Missae christianorum contra Luterana[m] missandi formula[m] Assertio.
Dresden: [Emserpresse?], 1524. A-E4, F2./ Errata on p. . First edition. Item #819
At first Emser was on the side of the reformers, but like his patron he desired a practical reformation of the clergy without any doctrinal breach with the past or the church; and his liberal sympathies were mainly humanistic, like those of Erasmus and others who parted company with Luther after 1519. As late as that year Luther referred to him as "Emser noster," but the Leipzig Debate in that year completed the breach between them.
Emser warned his Bohemian friends against Luther, and Luther retorted with an attack on Emser which outdid in scurrility all his polemical writings. Emser, who was further embittered by an attack of the Leipzig students, imitated Luther's violence, and asserted that Luther's whole crusade originated in nothing more than enmity to the Dominicans, Luther's reply was to burn Emser's books along with Leo X's bull of excommunication.
Emser next, in 1521, published an attack on Luther's Appeal to the German Nobility, and eight works followed from his pen in the controversy, in which he defended the Roman doctrine of the Mass and the primacy of the pope. At Duke George's instance he prepared, in 1523, a German translation of Henry VIII's Assertio Septem Sacramentorum contra Lutherum, and criticized Luther's New Testament. He also entered into a controversy with Zwingli. He took an active part in organizing a reformed Roman Catholic Church in Germany, and in 1527 published a German version of the New Testament as a counterblast to Luther's. He died on the 8th of November in that year and was buried at Dresden.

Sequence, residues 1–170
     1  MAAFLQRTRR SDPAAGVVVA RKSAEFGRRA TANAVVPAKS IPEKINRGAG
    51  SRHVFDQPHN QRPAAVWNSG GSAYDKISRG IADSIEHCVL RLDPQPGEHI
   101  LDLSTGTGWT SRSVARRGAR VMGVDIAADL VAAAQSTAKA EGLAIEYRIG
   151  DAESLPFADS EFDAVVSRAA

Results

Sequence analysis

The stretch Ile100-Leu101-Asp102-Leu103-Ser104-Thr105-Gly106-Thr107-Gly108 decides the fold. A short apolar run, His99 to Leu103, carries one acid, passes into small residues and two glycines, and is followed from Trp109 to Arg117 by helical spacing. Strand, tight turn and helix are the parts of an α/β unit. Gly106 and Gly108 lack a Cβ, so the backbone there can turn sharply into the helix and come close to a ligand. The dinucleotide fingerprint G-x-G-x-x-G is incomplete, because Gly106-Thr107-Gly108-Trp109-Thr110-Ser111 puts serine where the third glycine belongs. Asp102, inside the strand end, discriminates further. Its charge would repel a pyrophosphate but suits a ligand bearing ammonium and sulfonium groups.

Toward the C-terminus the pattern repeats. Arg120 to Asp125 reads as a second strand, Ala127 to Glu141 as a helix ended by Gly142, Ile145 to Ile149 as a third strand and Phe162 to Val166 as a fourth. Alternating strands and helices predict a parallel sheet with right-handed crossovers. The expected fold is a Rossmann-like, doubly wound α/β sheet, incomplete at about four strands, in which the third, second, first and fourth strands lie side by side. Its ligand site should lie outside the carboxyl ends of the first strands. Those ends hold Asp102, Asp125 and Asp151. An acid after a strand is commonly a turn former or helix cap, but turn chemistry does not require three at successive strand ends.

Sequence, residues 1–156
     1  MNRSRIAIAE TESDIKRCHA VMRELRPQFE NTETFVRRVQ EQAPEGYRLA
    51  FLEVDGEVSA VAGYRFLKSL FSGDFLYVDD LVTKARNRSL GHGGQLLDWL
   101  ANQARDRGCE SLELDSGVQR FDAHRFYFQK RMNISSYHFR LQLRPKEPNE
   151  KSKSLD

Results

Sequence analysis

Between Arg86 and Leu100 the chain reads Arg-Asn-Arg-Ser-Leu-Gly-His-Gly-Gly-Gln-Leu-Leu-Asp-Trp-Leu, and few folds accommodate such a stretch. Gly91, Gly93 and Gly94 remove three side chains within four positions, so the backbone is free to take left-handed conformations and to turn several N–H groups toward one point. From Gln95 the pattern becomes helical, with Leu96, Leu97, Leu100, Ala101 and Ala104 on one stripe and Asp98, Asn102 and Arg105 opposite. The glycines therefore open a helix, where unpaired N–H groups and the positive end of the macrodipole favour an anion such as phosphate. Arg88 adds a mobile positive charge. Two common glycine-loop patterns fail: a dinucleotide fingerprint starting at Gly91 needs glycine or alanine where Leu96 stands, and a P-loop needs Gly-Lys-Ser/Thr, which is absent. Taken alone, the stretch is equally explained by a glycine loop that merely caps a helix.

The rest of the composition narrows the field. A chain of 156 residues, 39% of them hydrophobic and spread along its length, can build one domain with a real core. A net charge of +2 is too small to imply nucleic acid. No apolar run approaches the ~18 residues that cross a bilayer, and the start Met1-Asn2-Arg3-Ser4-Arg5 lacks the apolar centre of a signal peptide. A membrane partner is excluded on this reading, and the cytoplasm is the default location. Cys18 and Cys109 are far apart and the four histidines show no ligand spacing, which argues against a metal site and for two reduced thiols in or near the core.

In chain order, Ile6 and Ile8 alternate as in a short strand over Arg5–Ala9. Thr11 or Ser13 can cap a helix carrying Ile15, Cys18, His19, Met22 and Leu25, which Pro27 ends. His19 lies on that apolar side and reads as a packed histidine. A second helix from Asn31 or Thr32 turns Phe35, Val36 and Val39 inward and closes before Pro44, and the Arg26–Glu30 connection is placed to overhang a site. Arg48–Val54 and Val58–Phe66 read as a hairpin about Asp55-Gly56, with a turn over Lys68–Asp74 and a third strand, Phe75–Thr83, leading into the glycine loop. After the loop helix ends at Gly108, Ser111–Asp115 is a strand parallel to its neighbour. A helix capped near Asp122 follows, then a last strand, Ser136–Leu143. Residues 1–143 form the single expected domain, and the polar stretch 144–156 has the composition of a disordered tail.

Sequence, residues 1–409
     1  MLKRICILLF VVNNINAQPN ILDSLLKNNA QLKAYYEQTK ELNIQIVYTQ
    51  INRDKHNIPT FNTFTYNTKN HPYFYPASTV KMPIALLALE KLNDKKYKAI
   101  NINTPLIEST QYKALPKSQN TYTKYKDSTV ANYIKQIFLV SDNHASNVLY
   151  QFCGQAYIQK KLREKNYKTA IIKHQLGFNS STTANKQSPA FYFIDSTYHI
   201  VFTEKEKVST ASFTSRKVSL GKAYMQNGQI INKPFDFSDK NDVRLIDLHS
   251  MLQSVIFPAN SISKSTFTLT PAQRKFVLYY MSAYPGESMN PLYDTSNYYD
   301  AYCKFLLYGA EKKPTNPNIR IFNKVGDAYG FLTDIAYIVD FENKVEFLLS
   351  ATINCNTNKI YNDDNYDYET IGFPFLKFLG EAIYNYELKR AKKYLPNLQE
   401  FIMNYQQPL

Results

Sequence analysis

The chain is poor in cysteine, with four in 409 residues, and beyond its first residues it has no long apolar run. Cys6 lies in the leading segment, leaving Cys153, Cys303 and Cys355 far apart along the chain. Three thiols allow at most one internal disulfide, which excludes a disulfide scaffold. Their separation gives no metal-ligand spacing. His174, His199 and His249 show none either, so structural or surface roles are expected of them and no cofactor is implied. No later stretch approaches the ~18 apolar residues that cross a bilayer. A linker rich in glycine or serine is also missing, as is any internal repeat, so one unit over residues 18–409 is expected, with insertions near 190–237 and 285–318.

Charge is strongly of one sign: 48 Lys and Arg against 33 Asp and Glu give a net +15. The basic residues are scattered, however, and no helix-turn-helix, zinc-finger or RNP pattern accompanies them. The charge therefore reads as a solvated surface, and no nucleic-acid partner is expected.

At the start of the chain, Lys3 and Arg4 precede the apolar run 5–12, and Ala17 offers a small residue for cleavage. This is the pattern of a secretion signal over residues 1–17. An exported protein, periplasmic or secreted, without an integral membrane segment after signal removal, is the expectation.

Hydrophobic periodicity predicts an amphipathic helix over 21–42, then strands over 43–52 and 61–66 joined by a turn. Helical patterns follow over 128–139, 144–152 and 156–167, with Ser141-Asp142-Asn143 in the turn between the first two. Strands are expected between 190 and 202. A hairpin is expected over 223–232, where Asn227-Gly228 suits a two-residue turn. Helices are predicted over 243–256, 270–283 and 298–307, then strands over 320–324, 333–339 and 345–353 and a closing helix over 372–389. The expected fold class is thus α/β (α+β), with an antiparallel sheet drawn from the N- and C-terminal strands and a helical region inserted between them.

Emser was a vigorous controversialist, and next to Eck the most eminent of the German divines who stood by the old church. But he was hardly a great scholar; the errors he detected in Luther's New Testament were for the most part legitimate variations from the Vulgate, and his own version is merely Luther's adapted to Vulgate requirements.
Emser's crest was a goat's head and Luther delighted in calling him "Bock-Emser" and "Ægocero" Luther, in his several dealings with Emser, called him a goat. Indeed, if you want to read something fun, read Luther’s utterly ‘dripping with pure contempt and loathing’ for Emser book titled Answer to the Hyperchristian, Hyperspiritual, and Hyperlearned Book by Goat Emser in Leipzig—Including Some Thoughts Regarding His Companion, the Fool Murner.